In 2007, marketing automation was developed as a response to the ever evolving marketing climate. Marketing automation is the process by which software is used to automate conventional marketing processes. Marketing automation helped companies segment customers, launch multichannel marketing campaigns, and provide personalized information for customers. However, the speed of its adaptability to consumer devices was not fast enough.
One of the limitations of the 4Ps approach is its emphasis of an inside out-view.  An inside-out approach is the traditional planning approach where the organisation identifies its desired goals and objectives, which are often based around what has always been done. Marketing's task then becomes one of "selling" the organization's products and messages to the "outside" or external stakeholders. In contrast, an outside-in approach first seeks to understand the needs and wants of the consumer.
A firm employing a product orientation is mainly concerned with the quality of its product. A product orientation is based on the assumption that all things being equal, consumers will purchase products of superior quality. The approach is most effective when the firm has deep insights into customer needs and desires as derived from research or intuition and understands consumer's quality expectations and price consumers are willing to pay. Although the product orientation has largely been supplanted by the marketing orientation, firms practicing a product orientation can still be found in haute couture and arts marketing.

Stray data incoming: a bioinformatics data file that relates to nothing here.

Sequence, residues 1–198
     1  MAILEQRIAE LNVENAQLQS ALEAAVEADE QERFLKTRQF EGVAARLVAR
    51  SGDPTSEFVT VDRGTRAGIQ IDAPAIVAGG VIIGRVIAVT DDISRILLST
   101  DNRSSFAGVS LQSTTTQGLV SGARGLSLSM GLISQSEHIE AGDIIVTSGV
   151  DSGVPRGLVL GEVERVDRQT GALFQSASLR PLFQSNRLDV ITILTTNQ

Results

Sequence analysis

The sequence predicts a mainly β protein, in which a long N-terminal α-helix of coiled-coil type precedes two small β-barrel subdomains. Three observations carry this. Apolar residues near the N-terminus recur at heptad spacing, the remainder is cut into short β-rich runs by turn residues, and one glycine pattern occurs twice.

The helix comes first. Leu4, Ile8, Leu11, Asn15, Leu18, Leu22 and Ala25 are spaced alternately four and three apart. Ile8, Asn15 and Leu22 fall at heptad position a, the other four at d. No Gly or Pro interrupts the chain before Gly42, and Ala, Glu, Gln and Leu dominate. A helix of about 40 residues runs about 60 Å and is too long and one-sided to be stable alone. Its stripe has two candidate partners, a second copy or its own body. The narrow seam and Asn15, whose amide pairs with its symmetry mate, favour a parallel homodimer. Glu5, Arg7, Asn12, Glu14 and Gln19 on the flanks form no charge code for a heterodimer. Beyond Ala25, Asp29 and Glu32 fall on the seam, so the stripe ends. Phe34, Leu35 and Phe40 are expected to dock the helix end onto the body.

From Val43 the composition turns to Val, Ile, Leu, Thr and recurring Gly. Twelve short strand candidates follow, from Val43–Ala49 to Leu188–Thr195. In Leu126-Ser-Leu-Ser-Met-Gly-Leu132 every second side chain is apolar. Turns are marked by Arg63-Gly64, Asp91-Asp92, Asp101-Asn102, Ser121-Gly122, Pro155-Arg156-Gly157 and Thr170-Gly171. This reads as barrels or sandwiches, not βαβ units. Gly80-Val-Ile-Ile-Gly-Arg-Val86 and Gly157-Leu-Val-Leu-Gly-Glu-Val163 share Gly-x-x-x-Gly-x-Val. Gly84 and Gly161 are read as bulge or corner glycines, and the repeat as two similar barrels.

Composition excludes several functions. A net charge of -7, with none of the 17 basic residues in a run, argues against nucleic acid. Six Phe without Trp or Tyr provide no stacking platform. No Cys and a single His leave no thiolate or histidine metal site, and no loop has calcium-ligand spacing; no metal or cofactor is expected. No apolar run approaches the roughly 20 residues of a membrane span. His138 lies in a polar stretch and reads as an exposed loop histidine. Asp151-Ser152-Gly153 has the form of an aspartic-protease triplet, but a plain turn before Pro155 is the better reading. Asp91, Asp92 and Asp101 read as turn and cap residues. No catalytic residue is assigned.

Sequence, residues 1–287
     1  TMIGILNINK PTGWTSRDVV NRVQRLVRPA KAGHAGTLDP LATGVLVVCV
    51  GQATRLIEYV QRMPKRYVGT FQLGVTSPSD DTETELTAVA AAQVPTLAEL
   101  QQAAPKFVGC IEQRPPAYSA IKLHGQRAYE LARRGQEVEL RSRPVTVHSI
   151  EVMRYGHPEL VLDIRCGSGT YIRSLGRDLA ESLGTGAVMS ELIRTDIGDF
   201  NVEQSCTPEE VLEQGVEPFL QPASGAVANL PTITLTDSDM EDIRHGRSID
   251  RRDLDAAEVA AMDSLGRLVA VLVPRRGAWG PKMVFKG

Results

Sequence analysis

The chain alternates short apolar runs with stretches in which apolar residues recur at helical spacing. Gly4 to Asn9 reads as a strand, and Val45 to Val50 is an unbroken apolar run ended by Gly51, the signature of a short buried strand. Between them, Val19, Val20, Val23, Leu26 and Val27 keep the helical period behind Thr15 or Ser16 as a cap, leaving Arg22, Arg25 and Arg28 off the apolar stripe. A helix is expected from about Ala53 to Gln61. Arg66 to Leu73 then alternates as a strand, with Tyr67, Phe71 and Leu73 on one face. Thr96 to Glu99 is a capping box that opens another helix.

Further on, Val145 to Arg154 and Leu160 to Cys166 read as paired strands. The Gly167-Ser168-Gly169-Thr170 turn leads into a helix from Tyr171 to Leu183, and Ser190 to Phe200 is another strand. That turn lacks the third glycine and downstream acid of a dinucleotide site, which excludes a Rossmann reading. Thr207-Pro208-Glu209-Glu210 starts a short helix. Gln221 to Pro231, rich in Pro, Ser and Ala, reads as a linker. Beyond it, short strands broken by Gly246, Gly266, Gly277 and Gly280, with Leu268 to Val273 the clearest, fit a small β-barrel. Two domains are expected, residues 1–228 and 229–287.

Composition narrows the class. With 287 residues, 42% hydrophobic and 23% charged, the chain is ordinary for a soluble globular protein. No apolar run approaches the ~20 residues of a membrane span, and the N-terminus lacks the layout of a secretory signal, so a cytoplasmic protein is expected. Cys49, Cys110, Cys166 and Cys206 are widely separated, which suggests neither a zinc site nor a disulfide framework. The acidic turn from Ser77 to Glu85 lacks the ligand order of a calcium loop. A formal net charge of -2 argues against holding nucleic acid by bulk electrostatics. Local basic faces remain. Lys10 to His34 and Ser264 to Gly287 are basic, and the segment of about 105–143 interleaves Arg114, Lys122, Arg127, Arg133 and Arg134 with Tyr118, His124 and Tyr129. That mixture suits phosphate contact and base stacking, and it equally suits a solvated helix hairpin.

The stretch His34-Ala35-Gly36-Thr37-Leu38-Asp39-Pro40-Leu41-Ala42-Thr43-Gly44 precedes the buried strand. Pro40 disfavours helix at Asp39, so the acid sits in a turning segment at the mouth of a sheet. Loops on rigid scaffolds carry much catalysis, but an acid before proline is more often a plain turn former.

Strategic planning typically begins with a scan of the business environment, both internal and external, this includes understanding strategic constraints. An understanding of the external operating environment, including political, economic, social and technological which includes demographic and cultural aspects, is necessary for the identification of business opportunities and threats. This analysis is called PEST; an acronym for Political, Economic, Social and Technological. A number of variants of the PEST analysis can be identified in literature, including: PESTLE analysis (Political, Economic, Social, Technological, Legal and Environmental); STEEPLE (adds ethics); STEEPLED (adds demographics) and STEER (adds regulatory).
In 1980, Michael Porter developed an approach to strategy formulation that proved to be extremely popular with both scholars and practitioners. The approach became known as the positioning school because of its emphasis on locating a defensible competitive position within an industry or sector. In this approach, strategy formulation consists of three key strands of thinking: analysis of the five forces to determine the sources of competitive advantage; the selection of one of three possible positions which leverage the advantage and the value chain to implement the strategy. In this approach, the strategic choices involve decisions about whether to compete for a share of the total market or for a specific target group (competitive scope) and whether to compete on costs or product differences (competitive advantage). This type of thinking leads to three generic strategies: